• Correlation between PIT interrupts and updates of a physical memory location
  • Symbolic execution to discover a series
  • Predicate inversion to discover dependent timers or behaviors
symbolic execution 1
Symbolic Execution (1)
  • Linux “jiffies”:
  • Linux “xtime.tv_usec”:
symbolic execution 2
Symbolic Execution (2)
  • Not a timer (“xtime_lock”):
predicate inversion 1
Predicate Inversion (1)
  • Predicate on “xtime.tv_usec”:
predicate inversion 2
Predicate Inversion (2)
  • Discovering “xtime.tv_sec”:
outline3
Outline
  • Time Tutorial
  • Finding Timers
  • Formalizing Temporal Search
  • Lessons from Code Red, Kama Sutra, Sober.X, MyParty
subversion
Subversion
  • Detect VM
  • Don’t use Presburger arithmetic
  • Use homegrown version of NTP
  • Create a lot of noise
outline4
Outline
  • Time Tutorial
  • Finding Timers
  • Formalizing Temporal Search
  • Lessons from Code Red, Kama Sutra, Sober.X, MyParty
vm based analysis
VM-based Analysis
  • Working:
    • Code Red
    • MyParty.A
  • Not fully working (yet):
    • Sober.X
    • Kama Sutra
  • Our analysis could be wrong (we still need to clarify/independently confirm some of this)
setup
Setup

ARP cache poisoning, DNS spoofing, etc. using scapy

Windows XP @ 192.168.33.2

Host @ 192.168.33.1 w/ DNS, NTP, HTTP, TIME, etc.

Bochs emulator

w/ DACODA

tuntap interface

code red eeye analysis
Code Red (eEye analysis)
  • “Each worm thread checks the infected computer\'s system time.”
    • “If the date is past the 20th of the month (GMT), the thread will stop searching for systems to infect and will instead attack www.whitehouse.gov.” …
    • “If the date is between the 1st and the 19th of the month, this worm thread will not attack www.whitehouse.gov and will continue to try to find and infect new web servers.”
code red caida analysis
Code Red CAIDA Analysis
  • “The worm is programmed to stop infecting other machines on the 20th of every month. In its next attack phase, the worm launches a Denial-of-Service attack against www1.whitehouse.gov from the 20th-28th of each month.”
  • Only re-infection can turn a spreading host into a DoS host.
a thought
A Thought
  • We need formal ways to specify malware behaviors for dissemination
kama sutra
Kama Sutra
  • “…programmed to overwrite files on Friday February 3, and the third day of every month thereafter.” (www.theregister.co.uk)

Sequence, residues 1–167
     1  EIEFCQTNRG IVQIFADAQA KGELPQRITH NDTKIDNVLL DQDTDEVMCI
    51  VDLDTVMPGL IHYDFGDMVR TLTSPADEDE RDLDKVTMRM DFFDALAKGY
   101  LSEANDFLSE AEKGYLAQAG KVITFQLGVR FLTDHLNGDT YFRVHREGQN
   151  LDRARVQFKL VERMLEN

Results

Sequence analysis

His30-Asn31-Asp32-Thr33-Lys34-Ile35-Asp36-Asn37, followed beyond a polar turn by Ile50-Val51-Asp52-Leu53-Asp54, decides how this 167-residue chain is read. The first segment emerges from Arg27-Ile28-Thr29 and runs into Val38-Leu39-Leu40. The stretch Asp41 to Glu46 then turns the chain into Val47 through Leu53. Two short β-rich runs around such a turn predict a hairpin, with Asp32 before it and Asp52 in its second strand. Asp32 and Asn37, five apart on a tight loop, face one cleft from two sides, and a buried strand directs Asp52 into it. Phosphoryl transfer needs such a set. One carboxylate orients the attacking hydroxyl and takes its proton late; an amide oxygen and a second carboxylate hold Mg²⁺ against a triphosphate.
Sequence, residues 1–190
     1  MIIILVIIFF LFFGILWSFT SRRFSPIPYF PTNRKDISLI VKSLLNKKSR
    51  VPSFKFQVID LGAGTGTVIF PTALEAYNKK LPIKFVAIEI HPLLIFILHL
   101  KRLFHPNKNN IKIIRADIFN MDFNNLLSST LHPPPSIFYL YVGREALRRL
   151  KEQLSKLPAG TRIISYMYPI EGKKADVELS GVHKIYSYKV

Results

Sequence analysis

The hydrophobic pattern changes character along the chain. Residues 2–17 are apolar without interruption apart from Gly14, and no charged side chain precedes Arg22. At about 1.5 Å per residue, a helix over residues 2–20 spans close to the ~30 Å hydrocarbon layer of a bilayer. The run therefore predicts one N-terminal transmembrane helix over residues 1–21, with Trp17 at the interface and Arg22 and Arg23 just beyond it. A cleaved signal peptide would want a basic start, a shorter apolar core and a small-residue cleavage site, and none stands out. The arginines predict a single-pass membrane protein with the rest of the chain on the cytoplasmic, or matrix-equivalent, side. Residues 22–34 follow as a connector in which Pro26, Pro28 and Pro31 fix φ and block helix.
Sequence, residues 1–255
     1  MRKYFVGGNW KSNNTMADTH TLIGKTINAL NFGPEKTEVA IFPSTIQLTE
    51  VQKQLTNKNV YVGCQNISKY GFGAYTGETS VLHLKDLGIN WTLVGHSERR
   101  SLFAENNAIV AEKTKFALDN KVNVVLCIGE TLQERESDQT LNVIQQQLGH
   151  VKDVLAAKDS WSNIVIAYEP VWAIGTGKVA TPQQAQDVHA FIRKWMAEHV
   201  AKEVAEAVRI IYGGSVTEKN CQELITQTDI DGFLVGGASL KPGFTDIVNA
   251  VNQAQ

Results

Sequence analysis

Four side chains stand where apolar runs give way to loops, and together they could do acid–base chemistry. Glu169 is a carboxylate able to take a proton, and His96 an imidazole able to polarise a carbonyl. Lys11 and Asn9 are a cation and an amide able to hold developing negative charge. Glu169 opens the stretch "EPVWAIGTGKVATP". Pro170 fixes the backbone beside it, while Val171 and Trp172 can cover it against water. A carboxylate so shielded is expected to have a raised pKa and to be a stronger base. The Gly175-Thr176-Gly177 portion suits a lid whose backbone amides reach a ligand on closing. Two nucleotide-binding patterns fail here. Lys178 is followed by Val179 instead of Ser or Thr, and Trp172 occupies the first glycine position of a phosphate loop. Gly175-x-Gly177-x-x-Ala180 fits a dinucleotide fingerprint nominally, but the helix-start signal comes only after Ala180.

• “But computer security groups … said few users lost data because of the bug. Experts speculated that the publicity prior to [the] trigger date may have prompted people to clean up machines and prepare defences [sic].” (BBC news)
sober x
Sober.X
  • Symantec Security Reponse: “Checks the network connection of the compromised computer, and the current date, by connecting to one of the following NTP servers on TCP port 37”
    • Lists 40 servers
myparty
Myparty
  • Mcaffee.com: “This virus only attempts to massmail itself on January 25, 26, 27, 28 or 29, 2002.”
  • Symantec Security Response: “This worm is capable of spreading itself only between January 25, 2002, and January 29, 2002”
  • Our analysis: equality check with file creation time
  • ????????
a thought1
A Thought
  • Could we use weaknesses in a botnet’s time-dependent behavior to take it down (i.e. Sober.X, Code Red, Kama Sutra)?
  • Or any sort of behavior, for that matter.
conclusions1
Conclusions
  • Automated, behavior-based analysis not only faster, but potentially more accurate
  • Malware time-dependent behavior does not follow a linear timetable
  • Automated temporal search is possible but more work is needed
future or ongoing work
Future (or ongoing) work
  • Full-system deterministic replay
    • (ReVirt only works for UMLinux)
  • Replay-based entropy control
    • Malware’s use of entropy
    • Alternative to taint marking (challenges of tainting spelled out in Fenton’s 1973 Ph.D. thesis)